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I write prose/poetry in Rich Text Files (RTF) and everything else in plaintext.
When it comes to RTF editing, I normally use Microsoft Wordpad on Windows and (prefer it to using) Libreoffice on everything else. I like RTF because editors handle everything for me - changing the font and indentations and everything is very easy - and because despite its proprietary-ness it's well supported and converts to plaintext relatively easily.
When it comes to code, I only use Linux/UNIX/something with a console. I've tried coding in IDEs many times and every time I've been disappointed. I'm not used to using my mouse when I code and even when I acclimate I still don't like it. Lately I've been writing C and Python (I'm writing this HTML document on Windows 7's Notepad but I don't consider HTML to be "real" code) and when I write both I use "ne", the Nice Editor. It's simple and it uses a lot of common keyboard shortcuts. I avoid (but don't prohibit myself from) lines of code longer than 80 characters. I use tabs for indentation and I use a tab length of 3. I never use hard word wraps on plaintext if I can catch it and I don't normally use soft word-wrapping in code. I grew up on Microsoft DOS's EDIT.COM and it's still my go-to editor on DOS.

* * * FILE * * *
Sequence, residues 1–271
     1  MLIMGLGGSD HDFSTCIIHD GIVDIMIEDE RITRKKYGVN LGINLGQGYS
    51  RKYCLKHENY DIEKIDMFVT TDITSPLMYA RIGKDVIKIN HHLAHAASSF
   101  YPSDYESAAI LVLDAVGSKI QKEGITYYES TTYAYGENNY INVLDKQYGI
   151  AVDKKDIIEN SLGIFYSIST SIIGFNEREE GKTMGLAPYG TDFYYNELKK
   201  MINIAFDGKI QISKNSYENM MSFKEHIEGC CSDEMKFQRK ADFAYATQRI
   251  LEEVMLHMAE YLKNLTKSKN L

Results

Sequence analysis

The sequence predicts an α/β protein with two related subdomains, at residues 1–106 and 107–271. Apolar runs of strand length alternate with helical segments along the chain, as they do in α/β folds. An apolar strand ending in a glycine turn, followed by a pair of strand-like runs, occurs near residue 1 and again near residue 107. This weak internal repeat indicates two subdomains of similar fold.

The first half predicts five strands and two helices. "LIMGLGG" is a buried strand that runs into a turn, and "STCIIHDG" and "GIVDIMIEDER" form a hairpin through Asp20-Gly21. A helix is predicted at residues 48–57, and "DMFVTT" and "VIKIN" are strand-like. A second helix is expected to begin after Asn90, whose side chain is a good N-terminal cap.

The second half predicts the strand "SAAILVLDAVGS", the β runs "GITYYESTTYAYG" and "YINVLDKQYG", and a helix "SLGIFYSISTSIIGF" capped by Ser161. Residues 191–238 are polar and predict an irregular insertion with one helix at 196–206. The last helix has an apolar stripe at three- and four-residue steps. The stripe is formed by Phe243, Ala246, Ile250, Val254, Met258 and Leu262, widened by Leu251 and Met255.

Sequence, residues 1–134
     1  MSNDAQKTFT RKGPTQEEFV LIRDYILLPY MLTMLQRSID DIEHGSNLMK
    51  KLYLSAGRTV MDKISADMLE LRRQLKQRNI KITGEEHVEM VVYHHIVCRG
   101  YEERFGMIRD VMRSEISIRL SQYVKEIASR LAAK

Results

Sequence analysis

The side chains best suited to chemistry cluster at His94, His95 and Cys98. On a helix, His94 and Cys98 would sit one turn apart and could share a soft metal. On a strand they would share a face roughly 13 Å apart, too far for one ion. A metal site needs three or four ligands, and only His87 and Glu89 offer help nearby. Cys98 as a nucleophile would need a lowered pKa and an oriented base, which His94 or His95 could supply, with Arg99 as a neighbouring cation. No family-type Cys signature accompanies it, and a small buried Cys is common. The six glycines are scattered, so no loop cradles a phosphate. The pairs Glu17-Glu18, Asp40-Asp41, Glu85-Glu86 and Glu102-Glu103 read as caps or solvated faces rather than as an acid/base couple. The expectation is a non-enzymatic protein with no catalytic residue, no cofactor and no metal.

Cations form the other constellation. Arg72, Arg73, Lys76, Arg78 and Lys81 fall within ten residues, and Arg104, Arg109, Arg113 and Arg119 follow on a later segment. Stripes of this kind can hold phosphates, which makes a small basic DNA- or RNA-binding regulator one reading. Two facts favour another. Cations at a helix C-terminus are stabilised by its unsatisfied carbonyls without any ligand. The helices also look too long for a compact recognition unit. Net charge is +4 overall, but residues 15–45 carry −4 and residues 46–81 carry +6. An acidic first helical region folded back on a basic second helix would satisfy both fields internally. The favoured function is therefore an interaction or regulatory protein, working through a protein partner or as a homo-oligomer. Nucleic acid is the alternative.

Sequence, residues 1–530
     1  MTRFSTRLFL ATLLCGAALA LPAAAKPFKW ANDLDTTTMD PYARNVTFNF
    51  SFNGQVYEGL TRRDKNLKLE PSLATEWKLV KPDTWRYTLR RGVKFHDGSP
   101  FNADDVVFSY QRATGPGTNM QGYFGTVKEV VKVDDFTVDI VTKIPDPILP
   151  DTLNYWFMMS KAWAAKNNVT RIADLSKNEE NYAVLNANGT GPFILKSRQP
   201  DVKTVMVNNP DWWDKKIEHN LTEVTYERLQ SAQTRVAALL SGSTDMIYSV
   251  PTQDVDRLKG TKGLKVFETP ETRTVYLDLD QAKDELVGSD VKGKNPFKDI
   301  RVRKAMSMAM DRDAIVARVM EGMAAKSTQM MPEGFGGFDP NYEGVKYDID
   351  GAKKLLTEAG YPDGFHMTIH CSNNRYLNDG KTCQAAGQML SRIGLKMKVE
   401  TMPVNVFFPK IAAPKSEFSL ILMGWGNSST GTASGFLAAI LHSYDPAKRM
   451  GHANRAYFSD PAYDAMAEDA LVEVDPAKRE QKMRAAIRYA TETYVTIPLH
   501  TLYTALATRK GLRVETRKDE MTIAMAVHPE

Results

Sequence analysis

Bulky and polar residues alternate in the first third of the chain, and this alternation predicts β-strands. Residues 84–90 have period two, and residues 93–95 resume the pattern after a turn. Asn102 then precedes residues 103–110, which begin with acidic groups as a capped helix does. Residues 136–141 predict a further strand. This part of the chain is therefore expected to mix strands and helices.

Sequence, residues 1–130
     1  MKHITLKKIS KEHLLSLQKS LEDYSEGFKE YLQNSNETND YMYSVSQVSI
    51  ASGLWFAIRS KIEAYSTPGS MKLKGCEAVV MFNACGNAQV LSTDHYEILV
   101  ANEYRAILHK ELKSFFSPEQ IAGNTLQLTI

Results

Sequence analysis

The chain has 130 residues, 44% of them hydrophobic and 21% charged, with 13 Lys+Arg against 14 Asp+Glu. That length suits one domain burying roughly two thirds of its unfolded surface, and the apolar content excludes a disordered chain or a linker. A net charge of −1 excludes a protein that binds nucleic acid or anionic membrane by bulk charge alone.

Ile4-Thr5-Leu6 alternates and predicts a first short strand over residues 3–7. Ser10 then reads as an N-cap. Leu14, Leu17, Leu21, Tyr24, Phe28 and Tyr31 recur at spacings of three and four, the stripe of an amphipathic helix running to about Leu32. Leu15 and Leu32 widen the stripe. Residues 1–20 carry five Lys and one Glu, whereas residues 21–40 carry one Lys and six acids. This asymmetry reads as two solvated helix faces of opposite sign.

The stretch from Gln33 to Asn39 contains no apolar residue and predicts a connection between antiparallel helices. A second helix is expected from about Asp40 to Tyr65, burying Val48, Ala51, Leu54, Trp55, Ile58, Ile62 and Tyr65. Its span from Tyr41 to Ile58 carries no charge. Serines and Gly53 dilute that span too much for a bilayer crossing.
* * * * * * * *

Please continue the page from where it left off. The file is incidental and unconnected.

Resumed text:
My preferred encoding is UTF-8. I don't have a particular reason why, it's just a common standard. I disagree with emoji's inclusion in Unicode (and *especially* disagree with how the emoji being added). ASCII will always hold a place in my heart (and a chart will always hold a place on my wall) but I write enough Japanese to rarely use it. (This document is (probably) in ASCII.)
I like Emacs for its use of Lisp (which I think is very fun to work in) and I respect Vim but think it's a little weird. When I use stock systems I use nano until I install ne. I'm not yet sure how to use ed.
These are just my opinions if anyone's wondering, none of which I'm particularly passionate about. Edit how you want, produce what you want.